Your cat’s dental health is very important to us. Approximately 70% of cats over the age of 2 to 3 have some degree of periodontal disease (tartar, plaque, gingivitis, tooth resorption). Each comprehensive physical examination will include an evaluation of your cat’s mouth.
IV catheter & IV fluids
Pre-medications to relax your cat & lower anesthesia medications
Propofol anesthesia induction (very safe anesthesia)
Anesthesia monitoring by a trained technician
Antibiotic injection prior to surgery
Anti-inflammatory injection prior to surgery
Post-operative digital dental radiographs (x-rays) for each extraction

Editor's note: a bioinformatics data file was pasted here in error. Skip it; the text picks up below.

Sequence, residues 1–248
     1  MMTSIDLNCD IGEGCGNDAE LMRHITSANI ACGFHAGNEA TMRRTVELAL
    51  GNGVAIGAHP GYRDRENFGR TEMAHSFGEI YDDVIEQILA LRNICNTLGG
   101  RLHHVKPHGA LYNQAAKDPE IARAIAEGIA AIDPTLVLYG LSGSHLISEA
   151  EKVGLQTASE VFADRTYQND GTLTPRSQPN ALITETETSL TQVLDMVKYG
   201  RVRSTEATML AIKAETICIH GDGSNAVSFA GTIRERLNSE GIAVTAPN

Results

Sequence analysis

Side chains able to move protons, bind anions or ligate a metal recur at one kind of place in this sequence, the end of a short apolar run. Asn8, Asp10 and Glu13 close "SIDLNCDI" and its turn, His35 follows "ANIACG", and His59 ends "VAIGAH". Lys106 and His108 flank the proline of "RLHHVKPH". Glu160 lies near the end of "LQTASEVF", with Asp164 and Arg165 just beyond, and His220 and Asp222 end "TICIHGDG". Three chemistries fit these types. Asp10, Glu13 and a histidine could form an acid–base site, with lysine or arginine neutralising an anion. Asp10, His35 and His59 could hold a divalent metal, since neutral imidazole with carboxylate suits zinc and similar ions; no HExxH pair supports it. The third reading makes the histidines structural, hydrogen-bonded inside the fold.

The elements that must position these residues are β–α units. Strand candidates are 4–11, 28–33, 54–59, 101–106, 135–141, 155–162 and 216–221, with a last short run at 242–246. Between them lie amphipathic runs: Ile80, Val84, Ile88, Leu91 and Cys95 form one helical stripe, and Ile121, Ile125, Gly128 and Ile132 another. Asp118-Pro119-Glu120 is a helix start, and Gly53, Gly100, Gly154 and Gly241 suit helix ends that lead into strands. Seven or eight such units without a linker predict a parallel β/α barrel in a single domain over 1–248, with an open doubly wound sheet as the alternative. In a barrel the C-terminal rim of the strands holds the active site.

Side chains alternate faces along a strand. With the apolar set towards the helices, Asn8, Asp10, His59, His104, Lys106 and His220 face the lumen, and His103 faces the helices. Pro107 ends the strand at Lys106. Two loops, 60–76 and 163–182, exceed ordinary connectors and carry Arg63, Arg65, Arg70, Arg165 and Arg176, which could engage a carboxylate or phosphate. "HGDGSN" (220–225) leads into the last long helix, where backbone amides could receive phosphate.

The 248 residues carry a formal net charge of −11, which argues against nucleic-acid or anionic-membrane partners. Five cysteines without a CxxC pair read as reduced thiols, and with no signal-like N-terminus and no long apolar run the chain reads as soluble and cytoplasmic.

Antibiotics to administer at home
2 Pain medications to administer at home
Summary of the findings & dental radiographs (x-rays) with the doctor
Written discharge instructions
Follow-up call the next day
Digital Dental Radiographs (X-rays)
Dental radiographs are vital to any dental procedure as two-thirds of your cat’s tooth lies below the gingiva. All patients will have full mouth dental radiographs taken under anesthesia prior to any dental procedure. Often times significant disease lies under the gum line and may be undetected without utilizing dental radiographs. A diagnosis and treatment plan can only be completed after full mouth dental radiographs are evaluated by a veterinarian. If an extraction is required, post-operative dental x-ray(s) will be taken to ensure all root(s) were extracted.
Why so much concern about my cat’s mouth?